New York Art Fairs Are Returning, Eyes Open and Fingers Crossed

New York Art Fairs Are Returning, Eyes Open and Fingers Crossed

The New York Times

August 2021

Wayward Sought-Ings: On Anatomy of a Horny Heart

Wayward Sought-Ings: On Anatomy of a Horny Heart

THE KARACHI COLLECTIVE

"It may be best to begin with a memory. A figure of marbled flesh stands atop a plinth, through the folds of a robe one can discern the silhouette of legs, and beneath a draped foot the name “Venus” is emblazoned darkly. This marble statuette of the Roman goddess of love, a popular keepsake, had once stood on the mantelpiece of my childhood home bought by my father on his travels at sea. When I encountered it years later in a studio conversation with Affan Baghpati, the association was immediate."

EXHIBITION: THE SUBTEXT OF ALTERED RELICS

EXHIBITION: THE SUBTEXT OF ALTERED RELICS

DAWN

"Finding the setting of the production for any object is an essential process for many people. That ‘made in’ piece of information printed on the item can start investigations that trace the history, manufacturing processes and, perhaps, even the geographical routing of the object. This research becomes complex when an object is rooted in history, and production of art and design is a composite that is created with articles from different countries in the world."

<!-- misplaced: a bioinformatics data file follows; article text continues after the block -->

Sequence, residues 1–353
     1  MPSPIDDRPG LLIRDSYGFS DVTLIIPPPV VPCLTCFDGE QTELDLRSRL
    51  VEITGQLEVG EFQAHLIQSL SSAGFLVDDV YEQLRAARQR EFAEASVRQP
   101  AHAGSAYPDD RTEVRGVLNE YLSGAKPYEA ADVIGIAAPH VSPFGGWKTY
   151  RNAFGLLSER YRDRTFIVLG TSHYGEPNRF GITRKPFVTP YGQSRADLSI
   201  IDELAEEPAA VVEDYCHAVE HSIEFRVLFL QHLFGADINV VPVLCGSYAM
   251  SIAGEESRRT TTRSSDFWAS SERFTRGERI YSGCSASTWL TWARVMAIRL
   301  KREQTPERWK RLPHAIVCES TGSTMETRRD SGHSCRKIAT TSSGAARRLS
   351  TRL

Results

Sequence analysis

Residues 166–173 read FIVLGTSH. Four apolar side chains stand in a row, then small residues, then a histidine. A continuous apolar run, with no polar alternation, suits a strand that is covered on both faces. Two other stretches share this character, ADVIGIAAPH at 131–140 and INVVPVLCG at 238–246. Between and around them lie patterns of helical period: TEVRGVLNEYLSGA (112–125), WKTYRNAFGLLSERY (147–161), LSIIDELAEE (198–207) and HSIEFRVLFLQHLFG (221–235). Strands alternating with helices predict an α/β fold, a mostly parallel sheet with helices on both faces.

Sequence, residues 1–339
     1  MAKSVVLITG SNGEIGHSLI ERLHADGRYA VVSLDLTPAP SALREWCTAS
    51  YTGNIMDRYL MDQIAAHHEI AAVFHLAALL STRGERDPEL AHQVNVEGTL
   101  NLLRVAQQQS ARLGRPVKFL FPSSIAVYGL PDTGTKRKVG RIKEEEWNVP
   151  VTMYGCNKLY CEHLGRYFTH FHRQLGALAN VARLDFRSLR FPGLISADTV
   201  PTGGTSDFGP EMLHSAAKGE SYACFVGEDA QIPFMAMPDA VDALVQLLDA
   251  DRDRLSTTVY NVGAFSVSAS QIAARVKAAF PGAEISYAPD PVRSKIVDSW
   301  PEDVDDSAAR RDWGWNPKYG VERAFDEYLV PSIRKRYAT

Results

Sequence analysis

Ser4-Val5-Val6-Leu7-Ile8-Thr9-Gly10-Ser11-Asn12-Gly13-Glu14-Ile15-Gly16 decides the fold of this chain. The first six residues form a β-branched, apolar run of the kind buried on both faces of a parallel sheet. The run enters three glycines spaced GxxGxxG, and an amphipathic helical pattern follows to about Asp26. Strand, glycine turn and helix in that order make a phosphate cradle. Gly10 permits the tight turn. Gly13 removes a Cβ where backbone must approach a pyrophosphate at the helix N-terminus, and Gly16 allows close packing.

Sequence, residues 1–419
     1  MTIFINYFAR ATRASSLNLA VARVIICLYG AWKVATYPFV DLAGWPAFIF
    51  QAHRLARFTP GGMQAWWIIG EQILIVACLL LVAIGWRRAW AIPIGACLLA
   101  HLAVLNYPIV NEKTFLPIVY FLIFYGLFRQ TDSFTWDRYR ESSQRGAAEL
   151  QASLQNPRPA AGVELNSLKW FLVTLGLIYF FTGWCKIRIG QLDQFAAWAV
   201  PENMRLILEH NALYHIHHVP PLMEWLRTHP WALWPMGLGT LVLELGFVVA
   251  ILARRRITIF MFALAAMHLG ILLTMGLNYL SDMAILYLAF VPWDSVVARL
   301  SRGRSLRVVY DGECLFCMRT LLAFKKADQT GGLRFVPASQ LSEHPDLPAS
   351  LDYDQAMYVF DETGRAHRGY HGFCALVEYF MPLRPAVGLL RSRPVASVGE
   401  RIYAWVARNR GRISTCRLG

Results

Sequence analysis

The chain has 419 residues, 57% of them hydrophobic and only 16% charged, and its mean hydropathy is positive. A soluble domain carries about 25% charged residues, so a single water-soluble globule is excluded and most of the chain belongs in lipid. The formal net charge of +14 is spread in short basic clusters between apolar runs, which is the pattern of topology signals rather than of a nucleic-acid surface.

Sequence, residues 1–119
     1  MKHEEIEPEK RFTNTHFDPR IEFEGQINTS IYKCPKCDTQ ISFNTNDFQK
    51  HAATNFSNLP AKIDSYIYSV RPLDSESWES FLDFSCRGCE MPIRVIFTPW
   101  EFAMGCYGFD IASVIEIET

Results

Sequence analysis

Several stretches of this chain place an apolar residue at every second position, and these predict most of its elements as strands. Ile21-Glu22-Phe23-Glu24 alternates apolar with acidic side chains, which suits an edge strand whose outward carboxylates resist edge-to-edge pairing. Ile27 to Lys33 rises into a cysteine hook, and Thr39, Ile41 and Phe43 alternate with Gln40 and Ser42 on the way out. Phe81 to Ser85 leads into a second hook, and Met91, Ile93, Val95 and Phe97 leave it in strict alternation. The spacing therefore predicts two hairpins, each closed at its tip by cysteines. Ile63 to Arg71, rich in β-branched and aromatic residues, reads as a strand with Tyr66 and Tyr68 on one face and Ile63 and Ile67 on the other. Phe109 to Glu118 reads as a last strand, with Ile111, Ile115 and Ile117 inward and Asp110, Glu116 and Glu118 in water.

Anatomy of a Horny Heart

Anatomy of a Horny Heart

The News International

"Affan Baghpati’s art pieces are always intriguing enough to want me gaze them for a while to comprehend the dark humour that lies within each joint and assemblage. At once they might look bizarre, non-sensible and complex; however, these assembled materials are actually juxtaposing history and contemporary forms and tastes to present something Avant Grade."

Anatomy of a Horny Heart

Anatomy of a Horny Heart

Libas Now

"Young, Karachi-based artist Affan Baghpati’s debut solo show in New York is a commentary and dismantling of established narratives and histories through found objects that have been meticulously and thoughtfully molded and re-formed into unique designs."